Day four – The last full day of making and I had a list of jobs to do, so I was hoping I would get it done in time and the box be what I envisioned. First job was to drill the holes in the side, this is the most important part of the project as it’s what makes my box work – on two levels – first of all it’s the portals of the exhibits that slide in between the outer and inner box and secondly it’s how I describe to people how I see the world threw dots so the box is part of my artistic practice.

Once this was completed I made sure they were all the right size then glued and clamped them into position. Whilst I was doing this student helper Rachel, from the Mackintosh school of architecture, made me inner box out of ash, this serves two purpose of the box it holds the samples of materials and is a wall so that the materials slide between the two.

The centre box also represents the centre column in the British library that houses the old books. While they were drying it was time to work on the top and bottom using the centre box as a column the lid would be like stopper lining up with the centre of the box as well as the bottom which is lined with the green leather from the British library. Once this was constructed and the boxes dry I used a mechanical disc sander to give both boxes a smooth finish. The inner box made out of ash was lightly stained before glued to base then the outer box was put into position. The lids overhung to give an architectural look about the box and the top was inlaid with a brass motif of my initials. I had one test material – the floor tiles found in the study room in the British library – and hoped I had enough time to make some more for the exhibition the following day.

Day five – The final day, business end of the make, I got down early to finish sanding the lid and bottom getting ready for the linseed oil. Also I wanted some extra tiles for my grand tour box highlights from the workshop so I had a piece of copper which tied into my visit of the institute of making, a green piece of plastic this echoed the green leather from the British library and the final piece was perforated metal similar in design to my holes on my box.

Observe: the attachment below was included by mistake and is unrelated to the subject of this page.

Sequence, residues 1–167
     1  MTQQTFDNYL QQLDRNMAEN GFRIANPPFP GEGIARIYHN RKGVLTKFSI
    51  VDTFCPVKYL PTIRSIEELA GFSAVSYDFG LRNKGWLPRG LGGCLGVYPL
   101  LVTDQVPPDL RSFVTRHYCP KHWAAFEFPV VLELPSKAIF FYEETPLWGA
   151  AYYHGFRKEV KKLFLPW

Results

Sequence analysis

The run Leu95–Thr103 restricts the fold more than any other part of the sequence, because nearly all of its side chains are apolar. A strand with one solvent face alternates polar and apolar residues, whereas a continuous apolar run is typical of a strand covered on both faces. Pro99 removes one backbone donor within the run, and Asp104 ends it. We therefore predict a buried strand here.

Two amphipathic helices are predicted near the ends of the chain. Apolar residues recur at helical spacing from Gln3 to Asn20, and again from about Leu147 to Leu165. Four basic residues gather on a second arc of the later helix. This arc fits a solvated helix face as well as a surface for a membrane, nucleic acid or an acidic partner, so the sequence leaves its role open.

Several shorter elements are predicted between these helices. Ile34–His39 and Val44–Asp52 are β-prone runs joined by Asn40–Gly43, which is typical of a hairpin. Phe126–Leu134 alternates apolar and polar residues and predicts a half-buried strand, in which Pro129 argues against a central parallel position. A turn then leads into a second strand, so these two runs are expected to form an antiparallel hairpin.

All four materials went well inside my box just as I had envisioned it – a diary of materials each one holding a memory. Once this is done and wiped downed I applied a layer of oil to give it a more antique look, I will be adding to this over the next month to give it more of an aged feeling. Then I took off the masking tape to reveal the brass plaque of my initials. The next stage was to be evaluated by guest architects and Chris the blind architect from California. So I placed out my final box maquette jigs and the paper work I had done during the week then, as they came to me, I spoke about my idea of the grand tour why I chose the materials and how I wanted people to interact with the box. It went well and the feedback was positive and had a suggestion from Chris of how he feels things with the lower part of his finger not his tip so I will keep that in mind for future projects. After the evaluation it was time to talk about the week informally and I said I that the week was more enjoyable and satisfying then my entire term at uni this was because I was with my peers learning from them as well as inspiring them. Here are the photos of their boxes, Daniel, Poppy, Faye and Vinell created.

Daniel was inspired by the soft and hard surfaces so he played around with shape like aero design with a view finder. Faye bought back a piece of drift wood from Canada and hollowed it out to create a vessel she then made a small box in which she will make small prints based on her week. Poppy made a small square that is weighty as inside is a metal frame filled with bits of spoon and slides with shapes etched on from what she saw at the British library and Vinell was inspired by her chaos poem of her space in the library so her box was octagon with inverted lid in which she put a hole with a light to play with shadows with lattice over the top. These people were amazing we were a great group that bounced around ideas with the workshop leaders as well as Duncan.

2 Comments about this

  1. Fae

    A brilliant overview of our wonderful week at the Bartlett School of Architecture.
    It was a pleasure spending the week with such creative people. I look forward to seeing what everyone does in the future

  2. Alan Penn

    Thanks. A really comprehensive account. Any advice on things to do or not do to improve the course would be appreciated